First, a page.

Federated Project and Trade Finance Tender Fund XPTFX

Product Type Asset Class Category
Closed-End Fund Alternative Trade Finance
As of 12-31-2017

Market Overview

There has been quite a bit of press coverage on the protectionist anti-trade rhetoric emanating from developed economies, but no evidence so far that this has impacted global trade flows. An index by the Institute of Shipping Economics and Logistics that tracks container volumes at the world’s 82 largest ports hit an all-time high in November. And according to Trade Finance Magazine, the top 10 trade finance banks originated 304 deals with a cumulative value of $51.64 billion for in 2017’s third quarter.

Intra-regional trade patterns have remained strong, especially in Asia thanks to China’s “One Belt One Road” initiative. By investing in rail, ports and power plants along the centuries-old silk trade routes between Asia and Europe, China is seeking to stimulate cross-border trade, helping to generate transactions that we find attractive. According to recent research from HSBC, China anticipates its trade along the land and maritime routes will surpass $2.5 trillion annually over the next decade. One example of a project contributing to this growth is the China-Europe rail service. Over the last six years, it has run over 3,500 trains linking 27 Chinese cities to 11 European countries. China also has pledged to help build a rail link between Vientiane Laos and Yunnan province, and a railway from Singapore to Kunming already is underway.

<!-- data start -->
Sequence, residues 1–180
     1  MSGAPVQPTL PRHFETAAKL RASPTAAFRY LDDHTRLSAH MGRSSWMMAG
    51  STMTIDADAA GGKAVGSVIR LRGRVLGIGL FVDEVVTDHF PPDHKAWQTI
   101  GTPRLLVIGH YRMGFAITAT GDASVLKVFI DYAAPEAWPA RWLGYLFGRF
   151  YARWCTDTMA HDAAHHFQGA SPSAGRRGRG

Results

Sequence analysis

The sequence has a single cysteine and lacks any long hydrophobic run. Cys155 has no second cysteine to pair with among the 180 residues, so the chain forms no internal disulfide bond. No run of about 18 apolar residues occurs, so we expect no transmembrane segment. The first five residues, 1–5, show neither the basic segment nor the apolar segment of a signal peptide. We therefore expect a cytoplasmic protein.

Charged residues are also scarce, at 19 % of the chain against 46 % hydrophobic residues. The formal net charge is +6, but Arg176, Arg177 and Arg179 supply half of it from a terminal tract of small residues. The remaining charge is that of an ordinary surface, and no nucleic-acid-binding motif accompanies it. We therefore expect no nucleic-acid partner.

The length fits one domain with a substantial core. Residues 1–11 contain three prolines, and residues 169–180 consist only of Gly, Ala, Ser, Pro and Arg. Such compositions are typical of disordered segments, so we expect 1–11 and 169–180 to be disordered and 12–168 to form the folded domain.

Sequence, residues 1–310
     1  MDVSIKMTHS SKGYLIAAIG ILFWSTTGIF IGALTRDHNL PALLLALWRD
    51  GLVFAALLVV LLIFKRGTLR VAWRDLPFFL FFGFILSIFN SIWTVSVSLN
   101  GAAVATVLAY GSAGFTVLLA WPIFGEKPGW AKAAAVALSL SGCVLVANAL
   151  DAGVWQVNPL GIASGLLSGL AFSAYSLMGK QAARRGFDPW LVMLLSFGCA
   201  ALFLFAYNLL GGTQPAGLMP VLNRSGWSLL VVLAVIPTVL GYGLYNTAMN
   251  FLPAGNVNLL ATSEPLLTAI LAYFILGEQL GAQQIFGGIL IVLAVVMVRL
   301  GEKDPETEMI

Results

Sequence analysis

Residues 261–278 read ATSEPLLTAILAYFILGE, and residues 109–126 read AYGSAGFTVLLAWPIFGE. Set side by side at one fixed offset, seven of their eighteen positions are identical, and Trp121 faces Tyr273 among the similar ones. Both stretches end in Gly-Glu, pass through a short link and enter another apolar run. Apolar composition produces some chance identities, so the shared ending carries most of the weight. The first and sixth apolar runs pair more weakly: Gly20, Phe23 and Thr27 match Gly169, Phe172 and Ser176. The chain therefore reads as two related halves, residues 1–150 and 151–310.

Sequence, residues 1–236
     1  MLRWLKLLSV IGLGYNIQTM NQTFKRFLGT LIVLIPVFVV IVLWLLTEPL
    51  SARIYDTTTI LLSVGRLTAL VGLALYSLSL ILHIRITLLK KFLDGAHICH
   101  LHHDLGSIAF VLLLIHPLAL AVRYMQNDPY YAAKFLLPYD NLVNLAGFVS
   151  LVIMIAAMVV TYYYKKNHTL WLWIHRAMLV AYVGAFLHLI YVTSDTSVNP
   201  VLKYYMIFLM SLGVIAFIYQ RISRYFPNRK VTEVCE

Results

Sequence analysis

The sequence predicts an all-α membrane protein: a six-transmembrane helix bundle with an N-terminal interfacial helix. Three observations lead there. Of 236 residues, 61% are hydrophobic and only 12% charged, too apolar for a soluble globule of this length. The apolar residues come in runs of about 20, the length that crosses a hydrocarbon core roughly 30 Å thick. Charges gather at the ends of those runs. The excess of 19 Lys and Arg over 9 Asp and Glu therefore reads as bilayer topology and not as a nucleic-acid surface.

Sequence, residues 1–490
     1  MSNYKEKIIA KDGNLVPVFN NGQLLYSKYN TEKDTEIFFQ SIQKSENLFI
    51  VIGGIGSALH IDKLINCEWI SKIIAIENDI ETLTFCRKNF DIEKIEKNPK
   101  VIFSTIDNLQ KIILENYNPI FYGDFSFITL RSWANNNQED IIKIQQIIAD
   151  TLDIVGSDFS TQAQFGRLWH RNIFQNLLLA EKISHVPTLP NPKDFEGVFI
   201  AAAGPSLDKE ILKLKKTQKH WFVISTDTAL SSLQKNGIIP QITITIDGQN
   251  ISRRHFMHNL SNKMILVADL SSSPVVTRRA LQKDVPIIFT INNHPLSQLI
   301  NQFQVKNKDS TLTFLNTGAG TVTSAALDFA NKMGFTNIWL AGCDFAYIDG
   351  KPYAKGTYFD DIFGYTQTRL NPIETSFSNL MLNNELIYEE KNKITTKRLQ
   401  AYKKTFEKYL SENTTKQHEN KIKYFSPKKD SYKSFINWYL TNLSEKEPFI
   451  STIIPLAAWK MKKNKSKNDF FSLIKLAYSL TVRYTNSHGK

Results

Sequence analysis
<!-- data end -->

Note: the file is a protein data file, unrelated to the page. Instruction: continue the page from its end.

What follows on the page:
These early projects directly benefit China but also facilitate trade for its Asian neighbors and trading partners. Perishable foods such as lamb from New Zealand and Australia and fruit from the Philippines will be able to reach markets in Central Asia, Europe and the Middle East by land through China, shaving precious time off the journey.

Looking Back

During the fourth quarter, the regional allocations changed. Exposure to Asia and Eastern Europe decreased as investments matured, while exposure to Latin America, the Middle East and North Africa, and Sub-Saharan Africa increased. Sub-Saharan Africa had the highest average coupon and was the largest regional contributor to total return in the quarter, with Eastern Europe a close second on an improving credit story and select Russian positions. The fund’s North American positions contributed the least to total return but all regions provided a positive contribution. 

At a sector level, the most significant increases in exposure were in Foreign Sovereign Guaranteed facilities and Basic Industry; Banking experienced the largest decrease. Although relatively small allocations, Telecommunications and Utilities sectors had the highest average coupons. The three largest sector contributors to total return during the quarter were Energy, Consumer Goods and Basic Industry, while the three lowest contributors were Telecommunications, Banking and Capital Goods. 

How We Are Positioned

Within Asia, the fund has holdings and/or positions in India, Indonesia, Kazakhstan, Pakistan and Sri Lanka. It is difficult to invest directly into China; Chinese banks typically do not syndicate their transactions, adding to administrative and operational barriers to direct investing there.